Scientists have developed a blood test that can predict several months in advance which breast cancer patients will relapse.
'We have shown how a simple blood test has the potential to accurately predict which patients will relapse from breast cancer, much earlier than we can currently,' said lead author Dr Nicholas Turner, a Consultant Medical Oncologist at the Royal Marsden NHS Foundation Trust.
The study, published in Science Translational Medicine, looked at 55 patients with early-diagnosed breast cancer, who had all undergone surgery followed by chemotherapy. The researchers took blood samples from these patients every six months for two years to look for circulating tumour (ct)DNA.
Women who tested positive for ctDNA were found to be 12 times more likely to relapse than those who tested negative. Using this test, the researchers were able to accurately predict relapse in 12 out of the 15 patients who relapsed.
The test was also capable of predicting the relapse, on average, 7.9 months before visible signs were picked up by clinics.
After treatment, it is difficult to identify whether all cancerous cells have been removed from a patient. Cancerous cells have almost identical DNA to all other body cells, the only difference being a small number of mutations responsible for causing the cells to become cancerous.
To overcome this, the scientists used a technique called 'mutation tracking' — a polymerase chain reaction (PCR) test which is personalised to the mutations of an individual patient's cancer DNA. The test screened the blood for DNA with these mutations. Any DNA in the blood with these mutations must have been released by cancer cells remaining after the initial round of treatment.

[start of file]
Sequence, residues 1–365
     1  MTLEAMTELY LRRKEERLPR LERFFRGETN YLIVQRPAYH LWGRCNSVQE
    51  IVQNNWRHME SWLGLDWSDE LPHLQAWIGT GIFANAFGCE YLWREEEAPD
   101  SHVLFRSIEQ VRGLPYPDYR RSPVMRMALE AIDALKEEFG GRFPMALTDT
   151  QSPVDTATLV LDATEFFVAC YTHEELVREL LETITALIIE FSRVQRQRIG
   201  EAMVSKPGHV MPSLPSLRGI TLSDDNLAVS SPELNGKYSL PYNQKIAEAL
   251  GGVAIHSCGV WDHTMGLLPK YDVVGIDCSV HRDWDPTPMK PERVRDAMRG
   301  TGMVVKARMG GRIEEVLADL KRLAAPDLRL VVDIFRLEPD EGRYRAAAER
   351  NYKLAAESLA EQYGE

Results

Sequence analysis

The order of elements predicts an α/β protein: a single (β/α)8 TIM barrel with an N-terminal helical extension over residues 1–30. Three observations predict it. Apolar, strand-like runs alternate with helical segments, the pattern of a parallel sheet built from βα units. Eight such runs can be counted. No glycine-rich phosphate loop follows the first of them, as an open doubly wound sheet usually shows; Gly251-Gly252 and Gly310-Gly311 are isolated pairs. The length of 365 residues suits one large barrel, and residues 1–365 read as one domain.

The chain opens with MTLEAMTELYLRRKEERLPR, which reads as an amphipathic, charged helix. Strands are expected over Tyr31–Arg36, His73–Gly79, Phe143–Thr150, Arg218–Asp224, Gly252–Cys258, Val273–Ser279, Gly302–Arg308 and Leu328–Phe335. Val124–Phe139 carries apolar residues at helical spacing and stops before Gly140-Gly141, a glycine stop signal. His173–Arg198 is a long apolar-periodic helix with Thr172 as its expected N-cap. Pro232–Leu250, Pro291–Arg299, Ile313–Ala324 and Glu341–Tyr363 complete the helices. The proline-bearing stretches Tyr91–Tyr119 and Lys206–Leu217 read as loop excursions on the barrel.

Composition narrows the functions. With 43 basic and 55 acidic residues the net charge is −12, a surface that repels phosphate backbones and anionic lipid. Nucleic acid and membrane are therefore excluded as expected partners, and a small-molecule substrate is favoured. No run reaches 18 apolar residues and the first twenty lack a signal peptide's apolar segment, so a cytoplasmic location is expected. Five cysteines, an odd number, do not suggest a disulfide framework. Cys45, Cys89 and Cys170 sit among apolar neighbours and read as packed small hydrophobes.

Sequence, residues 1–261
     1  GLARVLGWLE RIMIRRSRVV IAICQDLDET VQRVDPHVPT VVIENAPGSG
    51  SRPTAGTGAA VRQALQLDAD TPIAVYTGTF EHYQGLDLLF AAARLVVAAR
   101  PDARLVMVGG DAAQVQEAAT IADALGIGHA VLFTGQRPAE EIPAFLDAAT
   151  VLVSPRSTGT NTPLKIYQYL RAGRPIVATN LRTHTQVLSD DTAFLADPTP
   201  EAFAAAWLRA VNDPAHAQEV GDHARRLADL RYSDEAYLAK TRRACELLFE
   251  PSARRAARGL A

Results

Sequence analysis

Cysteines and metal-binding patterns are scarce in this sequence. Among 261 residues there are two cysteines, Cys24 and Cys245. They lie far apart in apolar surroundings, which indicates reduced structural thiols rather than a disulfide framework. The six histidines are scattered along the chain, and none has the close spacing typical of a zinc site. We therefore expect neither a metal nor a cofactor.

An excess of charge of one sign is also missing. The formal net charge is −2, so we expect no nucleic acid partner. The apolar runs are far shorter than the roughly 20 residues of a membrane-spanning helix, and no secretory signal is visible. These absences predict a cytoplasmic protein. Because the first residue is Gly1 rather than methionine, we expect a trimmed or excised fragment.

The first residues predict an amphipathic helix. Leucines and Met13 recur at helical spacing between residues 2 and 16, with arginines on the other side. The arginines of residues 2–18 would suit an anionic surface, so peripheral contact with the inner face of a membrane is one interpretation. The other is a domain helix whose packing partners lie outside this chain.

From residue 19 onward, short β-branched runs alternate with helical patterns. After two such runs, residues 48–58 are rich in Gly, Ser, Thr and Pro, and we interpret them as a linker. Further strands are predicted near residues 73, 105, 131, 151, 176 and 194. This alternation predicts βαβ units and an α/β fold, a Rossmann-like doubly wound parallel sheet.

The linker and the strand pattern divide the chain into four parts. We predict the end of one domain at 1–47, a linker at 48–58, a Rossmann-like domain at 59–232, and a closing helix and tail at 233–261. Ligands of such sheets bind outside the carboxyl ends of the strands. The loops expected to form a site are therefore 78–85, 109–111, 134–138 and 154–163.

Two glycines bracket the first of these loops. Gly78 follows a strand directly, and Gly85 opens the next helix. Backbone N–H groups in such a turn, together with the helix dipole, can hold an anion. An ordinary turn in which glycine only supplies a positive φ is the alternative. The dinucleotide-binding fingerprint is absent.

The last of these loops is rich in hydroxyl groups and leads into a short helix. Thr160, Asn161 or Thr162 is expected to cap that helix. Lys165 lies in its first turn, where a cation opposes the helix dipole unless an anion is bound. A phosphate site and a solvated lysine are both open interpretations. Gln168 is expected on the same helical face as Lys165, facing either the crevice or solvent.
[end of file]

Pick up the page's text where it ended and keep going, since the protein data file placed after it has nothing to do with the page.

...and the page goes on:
As well as being used to predict relapse, the test will allow scientists to track further mutations that develop in cancers over time, the researchers say. This knowledge could help personalise treatment, as it would allow the tailoring of treatment to the genetic make-up of an individual's cancer.
Professor Paul Workman, Chief Executive of the Institute of Cancer Research, London, said: 'We are moving into an era of personalised medicine for cancer patients. This test could help us stay a step ahead of cancer by monitoring the way it is changing and picking treatments that exploit the weakness of the particular tumour.'
Dr Nick Peel, from Cancer Research UK, said: 'Finding less invasive ways of diagnosing and monitoring cancer is really important and blood samples have emerged as one possible way of gathering crucial information about a patient's disease.'
He added: 'But there is some way to go before this could be developed into a test that doctors could use routinely, and doing so is never simple.'